Rurouni Kenshin: The Beginning (2021)

Posted in Reviews by - November 23, 2021
Rurouni Kenshin: The Beginning (2021)

The epic, live-action Rurouni Kenshin saga draws to a lofty and bloody conclusion with this prequel; a neat closing chapter which circles back to the events in part four, The Final, and concluding where the first movie started – at the Battle of Toba-Fushimi. By showing the origins of ‘Battōsai The Killer’ – notorious samurai-hunter of the anti-shogunate Choshu Domain – we get to see the feared assassin in his bloodthirsty glory, slicing off limbs and causing carnage with his lethal sword skills. “It’s a demon!” yells one of the Tsushima clan whose ear has just been bitten off by Battōsai. Director Keishi Ōtomo and stunt coordinator Kenji Tanigaki really cut loose in the first act, allowing Battōsai to run roughshod over his victims with added lashings of the red stuff. It’s a macabre spectacle which acts as a pure adrenaline rush, and completely at odds with the pacifism of the precious films. The film then slows to an almost soporific pace, however, when Battōsai starts a romance with Tomoe (Kasumi Arimura), the softly spoken widower shown in flashback sequences in The Final. She’s a kitchen-hand for the Choshu who speaks in ominous whispers, and Battōsai falls for her big time. The two hide away in the woods to grow vegetables and live a life of idyllic, remote bliss, as the newly established police force – loyal to the Edo shogunate in Kyoto – start rounding-up rebel fighters. Much of this is true, by the way, including the depiction of the mass killings of ronin fighters at the Ikedaya Inn in 1864. Given how we already know the ending, there is a strong sense of foreboding and tragedy throughout, and precious little of the comic-book zaniness we saw in the previous films. Instead, there is much soul-searching and questioning of the ethical dilemma at the heart of a principled assassin; one conflicted and tormented by the reluctant notion of killing people in order to restore a so-called ‘peace’. The conclusion is actually rather rousing, well-paced, and convincing enough to draw on the emotions, complemented by a luscious score. Given where it stands in the Rurouni Kenshin story arc, this one slightly stands apart from the rest in the series – and it may be all the better for it.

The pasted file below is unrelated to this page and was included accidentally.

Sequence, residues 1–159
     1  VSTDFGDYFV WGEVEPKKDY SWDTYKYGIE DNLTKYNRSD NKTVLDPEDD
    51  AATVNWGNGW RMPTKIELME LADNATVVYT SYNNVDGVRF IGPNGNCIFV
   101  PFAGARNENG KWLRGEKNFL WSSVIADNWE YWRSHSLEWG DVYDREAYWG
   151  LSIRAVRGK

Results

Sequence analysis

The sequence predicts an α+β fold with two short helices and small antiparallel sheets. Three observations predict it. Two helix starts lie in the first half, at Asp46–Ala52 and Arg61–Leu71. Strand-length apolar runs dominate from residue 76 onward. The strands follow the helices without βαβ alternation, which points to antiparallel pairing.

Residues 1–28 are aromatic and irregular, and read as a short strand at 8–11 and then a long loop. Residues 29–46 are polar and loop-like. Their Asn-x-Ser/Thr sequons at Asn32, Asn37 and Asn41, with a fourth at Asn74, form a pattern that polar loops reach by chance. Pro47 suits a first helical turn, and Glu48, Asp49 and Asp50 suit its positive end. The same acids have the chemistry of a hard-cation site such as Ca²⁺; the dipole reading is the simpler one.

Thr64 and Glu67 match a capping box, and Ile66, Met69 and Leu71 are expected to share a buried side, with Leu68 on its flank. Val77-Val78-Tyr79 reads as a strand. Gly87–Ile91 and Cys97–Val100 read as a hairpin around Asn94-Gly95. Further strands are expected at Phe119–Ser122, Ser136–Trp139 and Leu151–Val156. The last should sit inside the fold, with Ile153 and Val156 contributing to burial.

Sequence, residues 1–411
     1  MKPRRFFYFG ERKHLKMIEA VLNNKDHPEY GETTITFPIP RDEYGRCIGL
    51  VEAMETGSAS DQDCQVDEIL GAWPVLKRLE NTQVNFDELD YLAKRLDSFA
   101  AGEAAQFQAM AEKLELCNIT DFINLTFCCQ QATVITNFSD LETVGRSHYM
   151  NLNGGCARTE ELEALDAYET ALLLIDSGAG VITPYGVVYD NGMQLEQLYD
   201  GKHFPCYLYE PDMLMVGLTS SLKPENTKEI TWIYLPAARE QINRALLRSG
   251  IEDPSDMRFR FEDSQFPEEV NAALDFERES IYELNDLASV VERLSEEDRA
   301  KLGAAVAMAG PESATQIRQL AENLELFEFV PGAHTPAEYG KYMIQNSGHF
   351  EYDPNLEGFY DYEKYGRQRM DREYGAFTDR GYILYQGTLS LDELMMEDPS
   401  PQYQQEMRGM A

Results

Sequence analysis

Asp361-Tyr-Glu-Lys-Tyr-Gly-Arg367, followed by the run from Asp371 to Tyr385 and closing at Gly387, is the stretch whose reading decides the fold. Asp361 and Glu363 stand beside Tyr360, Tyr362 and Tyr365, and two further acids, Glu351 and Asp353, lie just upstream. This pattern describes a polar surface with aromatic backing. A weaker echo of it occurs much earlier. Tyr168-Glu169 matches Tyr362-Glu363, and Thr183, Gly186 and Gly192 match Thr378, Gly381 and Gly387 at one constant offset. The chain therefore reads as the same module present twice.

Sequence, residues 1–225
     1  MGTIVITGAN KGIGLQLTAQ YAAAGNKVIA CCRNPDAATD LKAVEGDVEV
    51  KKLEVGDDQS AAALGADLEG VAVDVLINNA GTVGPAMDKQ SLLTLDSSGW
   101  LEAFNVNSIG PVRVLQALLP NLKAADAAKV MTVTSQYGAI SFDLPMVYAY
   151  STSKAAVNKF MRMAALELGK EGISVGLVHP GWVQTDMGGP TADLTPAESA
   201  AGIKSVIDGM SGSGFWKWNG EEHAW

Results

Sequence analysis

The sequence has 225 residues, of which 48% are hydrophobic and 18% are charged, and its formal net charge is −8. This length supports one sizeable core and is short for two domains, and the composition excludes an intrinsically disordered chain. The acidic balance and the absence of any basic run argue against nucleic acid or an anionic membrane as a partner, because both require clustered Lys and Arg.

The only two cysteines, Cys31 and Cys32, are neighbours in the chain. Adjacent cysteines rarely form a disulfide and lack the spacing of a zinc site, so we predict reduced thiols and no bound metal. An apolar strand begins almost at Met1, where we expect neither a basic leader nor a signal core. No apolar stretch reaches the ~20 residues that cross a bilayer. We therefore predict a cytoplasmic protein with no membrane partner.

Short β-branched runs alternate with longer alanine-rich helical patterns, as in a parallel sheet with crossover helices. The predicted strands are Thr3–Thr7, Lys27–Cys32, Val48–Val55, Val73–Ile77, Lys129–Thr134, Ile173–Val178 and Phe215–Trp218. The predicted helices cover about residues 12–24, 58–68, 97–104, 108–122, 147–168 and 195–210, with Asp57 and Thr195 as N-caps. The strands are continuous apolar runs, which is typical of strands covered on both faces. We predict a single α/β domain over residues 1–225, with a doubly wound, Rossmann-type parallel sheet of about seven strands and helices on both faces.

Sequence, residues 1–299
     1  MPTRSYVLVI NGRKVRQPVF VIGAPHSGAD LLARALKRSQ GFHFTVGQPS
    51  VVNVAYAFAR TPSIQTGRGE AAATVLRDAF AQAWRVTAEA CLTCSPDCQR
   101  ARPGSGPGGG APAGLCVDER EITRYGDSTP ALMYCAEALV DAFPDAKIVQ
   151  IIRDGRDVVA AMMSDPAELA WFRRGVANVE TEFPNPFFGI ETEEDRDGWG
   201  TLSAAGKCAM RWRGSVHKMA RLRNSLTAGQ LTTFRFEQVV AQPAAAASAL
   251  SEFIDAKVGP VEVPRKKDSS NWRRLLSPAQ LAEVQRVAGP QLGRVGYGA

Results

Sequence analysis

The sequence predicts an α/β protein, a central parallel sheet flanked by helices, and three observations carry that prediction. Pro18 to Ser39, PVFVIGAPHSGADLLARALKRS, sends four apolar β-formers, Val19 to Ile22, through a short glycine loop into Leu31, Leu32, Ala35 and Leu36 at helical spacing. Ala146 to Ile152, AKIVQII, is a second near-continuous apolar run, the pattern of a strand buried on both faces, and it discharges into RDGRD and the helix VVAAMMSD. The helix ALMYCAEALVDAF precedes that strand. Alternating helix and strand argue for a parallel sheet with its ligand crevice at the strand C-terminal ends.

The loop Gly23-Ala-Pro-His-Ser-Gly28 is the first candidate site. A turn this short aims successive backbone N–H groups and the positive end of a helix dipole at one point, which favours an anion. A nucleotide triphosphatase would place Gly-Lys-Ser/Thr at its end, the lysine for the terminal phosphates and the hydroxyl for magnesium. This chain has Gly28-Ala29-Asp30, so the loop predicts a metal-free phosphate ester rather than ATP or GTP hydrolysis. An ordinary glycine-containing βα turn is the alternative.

AKA: Rurouni Kenshin: Final Chapter Part II – The Beginning.

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Editor and creator of Kung Fu Movie Guide and the host of the Kung Fu Movie Guide Podcast. I live behind a keyboard in London, UK.

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